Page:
I am confident that that there is a significant proportion of bishops now who feel that substantial tweaking, if not more drastic surgery, is required for pastoral reasons, and I wonder if they might opt for option (2) as the least expensive way out. I hear endless rumors that bishops are talking about how to get themselves out of the mess they have landed themselves (and us) in, so they clearly think there is a problem that needs to be addressed.

  6. Imagine that! I get the impression *voce clara et actu* that things like this do not much disturb the Holy Father. He sets the pace, as it were, so it would be advisable to follow suit.

    A mistranslation of the Liturgy of the Hours being prepared? Cardinal Pell ought to save a lot of money and cancel that nonsense. If no one rushed to purchase a new breviary when it arrives, there might soon be a sale amongst the booksellers. . . . I have a very fine 4-volume set which serves me well. . .and will continue to do so. Turning 80 nest birthday I certainly have no intention of buying a new set. Ecce! problem solved. “O happy days. . . ”

    fr Gerald

  7. And the English translation quoted above has one less comma than the Latin. Could it get more convoluted? We’re talking AT God. Still.

  8. Well, one part of a solution is to leave the 2010 people’s parts alone as they are.

    For me, I wouldn’t bother fiddling much with the Order of Mass itself, either, but instead focus on the proper orations, where the fetishizing of Latinate syntax and schoolboy reliance on cognates had so many poor effects and that are heard so infrequently as to make gradual apprehension by the faithful more of an obstacle than it needs to be or is prudent or wise.

  9. I agree with leaving people’ parts as they are. My parishioners already know 4 revised or new settings of the ordinary. They still know all the older ones by heart. Just issue a revised RM in good English (including word order). I’d also favor approval and publishing of 1998 translation. I know of people who use the ’98 opening prayers which were available from England. Paul, do you know if that little paperback is still available?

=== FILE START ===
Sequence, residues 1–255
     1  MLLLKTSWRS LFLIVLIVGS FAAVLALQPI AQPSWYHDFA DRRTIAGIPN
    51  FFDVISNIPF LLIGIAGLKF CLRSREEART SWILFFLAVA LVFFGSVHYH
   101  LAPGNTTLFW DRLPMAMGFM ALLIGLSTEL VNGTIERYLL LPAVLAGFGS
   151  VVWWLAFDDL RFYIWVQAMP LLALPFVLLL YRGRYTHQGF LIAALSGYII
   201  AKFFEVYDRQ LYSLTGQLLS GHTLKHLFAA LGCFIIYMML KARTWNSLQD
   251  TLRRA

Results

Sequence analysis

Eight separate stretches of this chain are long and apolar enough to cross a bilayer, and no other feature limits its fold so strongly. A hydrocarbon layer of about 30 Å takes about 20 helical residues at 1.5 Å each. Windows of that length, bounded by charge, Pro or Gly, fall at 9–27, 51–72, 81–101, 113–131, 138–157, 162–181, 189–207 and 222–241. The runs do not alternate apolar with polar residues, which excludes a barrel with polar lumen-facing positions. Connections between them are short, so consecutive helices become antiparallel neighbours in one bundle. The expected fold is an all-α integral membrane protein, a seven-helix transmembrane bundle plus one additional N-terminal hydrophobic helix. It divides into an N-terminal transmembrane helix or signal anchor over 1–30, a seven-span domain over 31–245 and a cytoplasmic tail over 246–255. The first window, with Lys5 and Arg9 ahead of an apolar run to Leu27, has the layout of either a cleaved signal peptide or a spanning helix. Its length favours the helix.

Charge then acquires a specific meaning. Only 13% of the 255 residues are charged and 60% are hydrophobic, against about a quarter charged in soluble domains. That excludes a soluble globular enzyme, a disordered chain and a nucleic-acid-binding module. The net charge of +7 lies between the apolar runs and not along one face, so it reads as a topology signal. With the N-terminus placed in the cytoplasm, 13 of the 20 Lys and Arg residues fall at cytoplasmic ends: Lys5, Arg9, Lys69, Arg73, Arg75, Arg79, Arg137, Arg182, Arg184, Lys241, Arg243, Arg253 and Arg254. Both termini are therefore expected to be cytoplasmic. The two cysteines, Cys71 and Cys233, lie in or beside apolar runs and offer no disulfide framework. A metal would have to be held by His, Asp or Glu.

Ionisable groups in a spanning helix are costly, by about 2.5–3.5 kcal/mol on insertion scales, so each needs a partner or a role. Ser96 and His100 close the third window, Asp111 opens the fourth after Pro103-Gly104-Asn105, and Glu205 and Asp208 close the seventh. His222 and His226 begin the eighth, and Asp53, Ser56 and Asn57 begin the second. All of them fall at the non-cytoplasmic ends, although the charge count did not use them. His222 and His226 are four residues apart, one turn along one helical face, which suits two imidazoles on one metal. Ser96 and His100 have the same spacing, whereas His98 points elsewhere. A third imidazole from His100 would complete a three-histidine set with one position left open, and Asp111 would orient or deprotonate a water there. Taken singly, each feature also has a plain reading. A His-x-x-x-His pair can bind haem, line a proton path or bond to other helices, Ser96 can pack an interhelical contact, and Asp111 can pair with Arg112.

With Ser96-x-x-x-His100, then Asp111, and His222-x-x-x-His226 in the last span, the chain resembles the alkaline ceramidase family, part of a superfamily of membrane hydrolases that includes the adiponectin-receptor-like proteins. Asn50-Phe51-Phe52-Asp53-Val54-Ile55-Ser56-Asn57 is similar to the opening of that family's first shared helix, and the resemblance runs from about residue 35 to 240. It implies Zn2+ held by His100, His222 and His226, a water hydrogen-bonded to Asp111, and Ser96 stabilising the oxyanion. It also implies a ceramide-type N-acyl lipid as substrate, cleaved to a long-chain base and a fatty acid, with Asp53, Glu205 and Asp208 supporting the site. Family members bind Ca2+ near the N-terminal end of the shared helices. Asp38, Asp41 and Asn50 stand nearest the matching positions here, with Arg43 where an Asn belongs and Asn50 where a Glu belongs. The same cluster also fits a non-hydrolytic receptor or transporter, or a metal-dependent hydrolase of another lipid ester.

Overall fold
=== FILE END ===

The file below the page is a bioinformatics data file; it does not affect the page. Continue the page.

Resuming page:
10. When one considers all the expenses a parish has, the cost of a new Sacramentary is minor. Go with the ’98 translation!

  11. Is the 1998 version still on line? I have a copy I downloaded a while ago but it is no longer available where I got it before.

    I wonder how CCC 2408 would be interpreted in regard to passing around PDF copies:

    “2408 The seventh commandment forbids theft, that is, usurping another’s property against the reasonable will of the owner. There is no theft if consent can be presumed or if refusal is contrary to reason and the universal destination of goods. […]”

    It would be interesting to know who the owner really is. And if the text better communicates the love of God then its ongoing suppression has to be contrary to reason.

    If the church wishes to be open it should have no problem putting the fruits of its labour out into the public domain.

  12. Ah, yes, we may have prayed today this alternate opening prayer for Year A, Eighth Sunday in Ordinary Time:

    Lord God,
    your care for us surpasses
    even a mother’s tender love.

    Through this word and sacrament
    renew our trust in your provident care,
    that we may abandon all anxiety
    and seek first your kingdom.

    We make our prayer through our Lord Jesus Christ, your Son,
    who lives and reigns with you in the unity of the Holy Spirit,
    God for ever and ever.

    And perhaps some of us did.

    1. @Fr. Ron Krisman – comment #17:


      Do you know what the “Prayer Over the Gifts(Offerings)” was in the 1998 version for today, the Eighth Sunday in Ordinary Time? The reason I ask is that I was quite confused by the one I prayed at Mass today from the current Roman Missal, especially the second half of the prayer:

      “O God… we ask of your mercy
      that what you grant as the source of merit
      may also help us to attain merit’s reward.”

      Does anyone know what that means?

      1. @Fr. Jim Chepponis – comment #19:

        O God,
        you provide us with gifts
        to be offered to your name
        and you accept them as a sign of our loving service.
        In your mercy
        grant that the offering you enable us to make